A language-right activist from the adjoining Sindurpur village, Bengu Thakur, echoes Raju’s views, highlighting that skill training would also help families earn more and ultimately enable them to fund their children’s education…reports Praduman Choubey
Srikant Bedia started playing with snakes when he was just 13, not knowing that these reptiles would one day become the only means to feed his family. The 54-year-old resident of Bedia Tola village in Dhanbad, Jharkhand, took up snake charming as a profession at the age of 20, after his father’s death, earning in rice or other foodgrains from villagers.
However, technological and other advances have had a detrimental effect on snake charming in Bedia Tola. Here, a majority of the 55 families were once snake charmers by profession, but the number has dwindled down to just 12 to 15 at present. All others have turned to daily-wage work.
“In urban areas, nobody — not even children — are interested in snakes nowadays. They prefer clinging to their mobile phones. Such apathy has left us with no choice but to visit rural pockets, where most of the time, we get rice and foodgrains instead of money,” says Srikant, a father of four sons, who works at construction sites as daily-wage earner to support the family.
“We are forced to eat nothing but ‘maad bhaat’ (gruel rice) and ‘chokha’ (mashed potatoes) as we can’t afford vegetables that cost Rs 50 per kg or more,” he adds. “Also, after working as a snake charmer to feed my family for so many years, the forest department is pressuring us to leave the snakes in the woods.”
Stressing his distress further, Srikant points out the lack of government alternatives to his current profession, questioning what he’d do if the forest department forced him to give up snake charming. He adds that they don’t have the money to refill the LPG cylinders he procured under the Ujjawala scheme. Instead, the women of the family cook using the dry wood they collect from the forest.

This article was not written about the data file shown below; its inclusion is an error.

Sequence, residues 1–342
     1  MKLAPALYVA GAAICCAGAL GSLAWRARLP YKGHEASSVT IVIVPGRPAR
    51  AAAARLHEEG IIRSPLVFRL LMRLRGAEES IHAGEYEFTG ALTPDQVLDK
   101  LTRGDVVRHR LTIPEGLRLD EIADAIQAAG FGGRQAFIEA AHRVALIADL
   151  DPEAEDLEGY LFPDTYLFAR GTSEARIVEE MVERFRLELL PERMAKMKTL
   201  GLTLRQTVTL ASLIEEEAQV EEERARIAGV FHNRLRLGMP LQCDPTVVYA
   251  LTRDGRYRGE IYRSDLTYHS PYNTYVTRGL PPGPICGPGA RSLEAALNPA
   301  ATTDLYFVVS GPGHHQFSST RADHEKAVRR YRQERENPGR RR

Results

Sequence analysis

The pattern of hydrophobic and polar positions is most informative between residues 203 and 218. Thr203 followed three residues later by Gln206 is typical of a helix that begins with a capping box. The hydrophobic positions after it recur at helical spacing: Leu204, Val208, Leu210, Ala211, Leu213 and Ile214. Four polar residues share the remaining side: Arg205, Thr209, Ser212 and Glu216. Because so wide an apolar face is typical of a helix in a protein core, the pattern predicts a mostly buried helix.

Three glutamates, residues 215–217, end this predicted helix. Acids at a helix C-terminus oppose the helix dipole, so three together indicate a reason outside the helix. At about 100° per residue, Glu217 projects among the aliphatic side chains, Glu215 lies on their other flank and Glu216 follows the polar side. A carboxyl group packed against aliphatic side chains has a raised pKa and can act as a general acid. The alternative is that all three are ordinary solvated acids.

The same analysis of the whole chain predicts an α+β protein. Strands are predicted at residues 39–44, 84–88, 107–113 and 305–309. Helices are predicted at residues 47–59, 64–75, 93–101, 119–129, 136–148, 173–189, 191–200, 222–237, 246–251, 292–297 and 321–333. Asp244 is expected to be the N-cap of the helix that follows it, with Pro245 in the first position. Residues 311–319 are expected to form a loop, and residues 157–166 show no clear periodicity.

“Lack of education and sources of livelihood are the biggest challenges for residents of Bedia Tola,” he emphasises.
Jitendra Nath Bedia, another resident of the village, relies on his daily wages, earning Rs 5,000 to Rs 12,000 per month. But even so, he says they are no better off than snake charmers due to lack of education. In fact, he attributes the dearth of government jobs in Bedia Tola to this illiteracy.
“Even Sanjay and Manik Kumar Bedia, two bright young men of the village, had to drop out after Class 11 due to the pressure to start earning for their family,” Jitendra says, adding that they were also deprived of basic amenities like a source of safe drinking water. “The lone hand pump here often fails to meet the water needs of the 55 families, compelling many of us to lug water from adjoining villages. We requested authorities to dig a pond in the village to help us meet our drinking water needs.”
Sapan Bedia is another daily wager of Bedia Tola who gave up snake charming two decades ago because of the paltry sum it earned him. He, too, stresses the destitute conditions all residents of Bedia Tola live in because no one could complete their studies, further accusing authorities of never having visited the village, leaving them to fend for themselves.
“Some NGOs and social workers visit us during occasions like Diwali to hand out clothes and sweets to children, but it’s all an appearance,” claims Raju Bedia, another resident of the village. “Unless some training in useful skills is imparted to the youth and women, we’ll have no choice but to continue to work as unskilled labourers, earning far lower than skilled labourers.”
A language-right activist from the adjoining Sindurpur village, Bengu Thakur, echoes Raju’s views, highlighting that skill training would also help families earn more and ultimately enable them to fund their children’s education.
“This, in turn, will improve their socio-economic status as it will help them secure jobs,” explains Thakur, who founded the Bangla Bhasa Unnayan Samiti.
Moreover, the families in Bedia Tola are often landless because they face eviction at the hands of forest or railway department authorities, Thakur claims.
“Due to their landless status, they earlier faced difficulty in getting caste certificates. But after we raised the issue on various platforms, they got their certificates, which can help them seek reservation benefits because they fall under Scheduled Castes.”